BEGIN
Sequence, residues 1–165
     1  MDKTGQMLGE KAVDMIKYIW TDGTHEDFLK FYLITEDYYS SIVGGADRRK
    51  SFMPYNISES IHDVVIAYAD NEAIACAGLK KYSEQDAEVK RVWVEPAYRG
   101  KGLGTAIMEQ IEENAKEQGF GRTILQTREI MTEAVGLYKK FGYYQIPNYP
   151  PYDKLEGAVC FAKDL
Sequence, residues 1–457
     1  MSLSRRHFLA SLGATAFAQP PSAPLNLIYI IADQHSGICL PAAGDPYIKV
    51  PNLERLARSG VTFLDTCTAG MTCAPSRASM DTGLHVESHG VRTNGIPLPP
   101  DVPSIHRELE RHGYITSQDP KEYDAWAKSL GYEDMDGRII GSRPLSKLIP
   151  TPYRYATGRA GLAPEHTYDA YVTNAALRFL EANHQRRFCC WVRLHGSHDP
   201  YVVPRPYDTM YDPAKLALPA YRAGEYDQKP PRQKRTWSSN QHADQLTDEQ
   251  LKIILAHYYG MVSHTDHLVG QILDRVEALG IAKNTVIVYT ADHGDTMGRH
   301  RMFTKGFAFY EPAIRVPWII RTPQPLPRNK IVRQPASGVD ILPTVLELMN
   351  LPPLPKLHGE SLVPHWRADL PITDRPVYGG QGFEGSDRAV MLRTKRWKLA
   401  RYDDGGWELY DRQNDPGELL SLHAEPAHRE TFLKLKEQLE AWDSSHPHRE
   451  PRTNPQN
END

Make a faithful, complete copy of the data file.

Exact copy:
Sequence, residues 1–165
     1  MDKTGQMLGE KAVDMIKYIW TDGTHEDFLK FYLITEDYYS SIVGGADRRK
    51  SFMPYNISES IHDVVIAYAD NEAIACAGLK KYSEQDAEVK RVWVEPAYRG
   101  KGLGTAIMEQ IEENAKEQGF GRTILQTREI MTEAVGLYKK FGYYQIPNYP
   151  PYDKLEGAVC FAKDL
Sequence, residues 1–457
     1  MSLSRRHFLA SLGATAFAQP PSAPLNLIYI IADQHSGICL PAAGDPYIKV
    51  PNLERLARSG VTFLDTCTAG MTCAPSRASM DTGLHVESHG VRTNGIPLPP
   101  DVPSIHRELE RHGYITSQDP KEYDAWAKSL GYEDMDGRII GSRPLSKLIP
   151  TPYRYATGRA GLAPEHTYDA YVTNAALRFL EANHQRRFCC WVRLHGSHDP
   201  YVVPRPYDTM YDPAKLALPA YRAGEYDQKP PRQKRTWSSN QHADQLTDEQ
   251  LKIILAHYYG MVSHTDHLVG QILDRVEALG IAKNTVIVYT ADHGDTMGRH
   301  RMFTKGFAFY EPAIRVPWII RTPQPLPRNK IVRQPASGVD ILPTVLELMN
   351  LPPLPKLHGE SLVPHWRADL PITDRPVYGG QGFEGSDRAV MLRTKRWKLA
   401  RYDDGGWELY DRQNDPGELL SLHAEPAHRE TFLKLKEQLE AWDSSHPHRE
   451  PRTNPQN